EDIT : The previous method works, but there is a Sage bug when the set is made of RDF elements (see the following discussion and trac ticket 14853). Here is a dirty workaround until the bug is fixed: we replace a RDF element by a tuple made of a single RDF element.

sage: A = Set([RDF(0),RDF(3),RDF(9),RDF(10),RDF(17),RDF(30),RDF(33)])
sage: Atuple = map(lambda x:(x,), A)
sage: G = Graph()
sage: for u,v in CartesianProduct(Atuple, Atuple):
....:    if u != v and max(u[0],v[0]) - min(u[0],v[0]) <=3:


Then,

sage: C = [[c[0] for c in clique] for clique in G.cliques_maximal()] ; C
[[0.0, 3.0], [9.0, 10.0], [17.0], [33.0, 30.0]]


You can also notice that your property defining the set B is a property that is tested on pairs of elements of A. Hence, you can construct the graph corresponding to admissible pairs:

sage: A = Set([0,3,9,10,17,30,33])
sage: G = Graph()
sage: for u,v in CartesianProduct(A,A):
....:    if u != v and max(u,v) - min(u,v) <=3:


What you are looking for is the set of maximal cliques of G:

sage: G.cliques_maximal()
[[0, 3], [9, 10], [17], [33, 30]]


I let you benchmark between the two methods and tell us which is better in which cases !

To understand the link between the cliques of the graph G and the simplicial complex C in my previous answer, you can read about "Rips complex".

EDIT : The previous This method works, but there is a Sage bug when the set is made of RDF elements (see the following discussion and trac ticket 14853). Here is a dirty workaround until the bug is fixed: we replace a RDF element by a tuple made of a single RDF element.

sage: A = Set([RDF(0),RDF(3),RDF(9),RDF(10),RDF(17),RDF(30),RDF(33)])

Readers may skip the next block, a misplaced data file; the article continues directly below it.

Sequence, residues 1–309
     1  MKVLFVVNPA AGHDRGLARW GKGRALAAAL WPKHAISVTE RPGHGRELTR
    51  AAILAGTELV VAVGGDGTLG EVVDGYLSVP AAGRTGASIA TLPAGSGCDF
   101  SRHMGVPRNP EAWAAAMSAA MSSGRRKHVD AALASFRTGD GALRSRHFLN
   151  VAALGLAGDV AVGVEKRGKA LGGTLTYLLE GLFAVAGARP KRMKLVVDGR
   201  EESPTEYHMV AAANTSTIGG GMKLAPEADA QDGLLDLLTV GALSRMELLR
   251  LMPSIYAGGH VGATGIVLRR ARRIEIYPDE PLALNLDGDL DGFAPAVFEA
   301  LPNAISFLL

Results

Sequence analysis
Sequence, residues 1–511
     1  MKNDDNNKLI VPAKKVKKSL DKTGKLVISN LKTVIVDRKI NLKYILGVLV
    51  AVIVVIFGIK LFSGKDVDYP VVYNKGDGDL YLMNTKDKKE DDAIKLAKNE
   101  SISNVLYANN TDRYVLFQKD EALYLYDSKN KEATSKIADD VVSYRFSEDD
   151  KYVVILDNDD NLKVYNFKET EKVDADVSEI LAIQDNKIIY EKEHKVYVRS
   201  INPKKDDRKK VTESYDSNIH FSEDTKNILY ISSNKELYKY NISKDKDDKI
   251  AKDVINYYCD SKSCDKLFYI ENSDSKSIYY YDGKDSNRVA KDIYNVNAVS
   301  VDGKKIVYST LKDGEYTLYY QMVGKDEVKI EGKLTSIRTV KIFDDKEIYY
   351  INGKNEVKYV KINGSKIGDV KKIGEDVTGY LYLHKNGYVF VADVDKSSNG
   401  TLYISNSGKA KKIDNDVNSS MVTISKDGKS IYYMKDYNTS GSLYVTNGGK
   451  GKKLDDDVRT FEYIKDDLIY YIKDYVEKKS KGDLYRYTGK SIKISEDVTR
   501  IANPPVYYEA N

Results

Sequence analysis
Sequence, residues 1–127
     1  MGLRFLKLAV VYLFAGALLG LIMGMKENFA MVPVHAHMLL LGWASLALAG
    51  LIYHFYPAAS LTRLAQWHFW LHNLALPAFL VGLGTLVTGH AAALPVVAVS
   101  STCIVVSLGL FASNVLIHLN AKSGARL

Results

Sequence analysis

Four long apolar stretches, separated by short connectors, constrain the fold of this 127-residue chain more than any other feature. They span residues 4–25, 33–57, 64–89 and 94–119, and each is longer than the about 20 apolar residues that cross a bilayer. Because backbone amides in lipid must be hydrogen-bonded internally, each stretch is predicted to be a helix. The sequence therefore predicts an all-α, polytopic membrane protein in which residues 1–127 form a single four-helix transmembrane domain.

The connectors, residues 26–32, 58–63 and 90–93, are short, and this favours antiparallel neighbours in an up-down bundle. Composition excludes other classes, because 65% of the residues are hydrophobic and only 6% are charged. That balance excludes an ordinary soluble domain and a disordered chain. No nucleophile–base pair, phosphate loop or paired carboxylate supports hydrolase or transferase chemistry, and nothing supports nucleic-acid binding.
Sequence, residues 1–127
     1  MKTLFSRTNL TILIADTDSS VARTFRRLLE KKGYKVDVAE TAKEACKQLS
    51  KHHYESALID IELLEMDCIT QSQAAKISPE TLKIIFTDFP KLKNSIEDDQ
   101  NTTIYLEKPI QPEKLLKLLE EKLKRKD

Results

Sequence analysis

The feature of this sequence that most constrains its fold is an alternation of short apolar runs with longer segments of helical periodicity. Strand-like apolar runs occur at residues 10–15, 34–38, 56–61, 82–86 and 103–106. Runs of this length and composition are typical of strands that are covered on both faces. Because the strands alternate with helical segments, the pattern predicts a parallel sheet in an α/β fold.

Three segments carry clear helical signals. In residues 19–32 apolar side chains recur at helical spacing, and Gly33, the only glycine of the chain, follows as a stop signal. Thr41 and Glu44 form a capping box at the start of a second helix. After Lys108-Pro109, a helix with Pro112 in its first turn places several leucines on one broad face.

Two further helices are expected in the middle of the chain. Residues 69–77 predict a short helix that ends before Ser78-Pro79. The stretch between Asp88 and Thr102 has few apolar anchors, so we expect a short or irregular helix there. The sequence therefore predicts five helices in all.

sage: Atuple = map(lambda x:(x,), A)
sage: G = Graph()
sage: for u,v in CartesianProduct(Atuple, Atuple):
....:    if u != v and max(u[0],v[0]) - min(u[0],v[0]) <=3:


Then,

sage: C = [[c[0] for c in clique] for clique in G.cliques_maximal()] ; C
[[0.0, 3.0], [9.0, 10.0], [17.0], [33.0, 30.0]]


You can also notice that your property defining the set B is a property that is tested on pairs of elements of A. Hence, you can construct the graph corresponding to admissible pairs:

sage: A = Set([0,3,9,10,17,30,33])
sage: G = Graph()
sage: for u,v in CartesianProduct(A,A):
....:    if u != v and max(u,v) - min(u,v) <=3:


What you are looking for is the set of maximal cliques of G:

sage: G.cliques_maximal()
[[0, 3], [9, 10], [17], [33, 30]]


I let you benchmark between the two methods and tell us which is better in which cases !

To understand the link between the cliques of the graph G and the simplicial complex C in my previous answer, you can read about "Rips complex".

EDIT : This method works, but there is a Sage bug when the set is made of RDF elements (see the following discussion and trac ticket 14853). Here is a dirty workaround until the bug is fixed: we replace a RDF element by a tuple made of a single RDF element.

sage: A = Set([RDF(0),RDF(3),RDF(9),RDF(10),RDF(17),RDF(30),RDF(33)])
sage: Atuple = map(lambda x:(x,), A)
sage: G = Graph()

sage: C = [[c[0] for c in clique] for clique in G.cliques_maximal()] ; C

EDIT : The bug has been fixed in sage 5.12, so you can now use this method as well without having to use the workaround, even with vertices in RDF.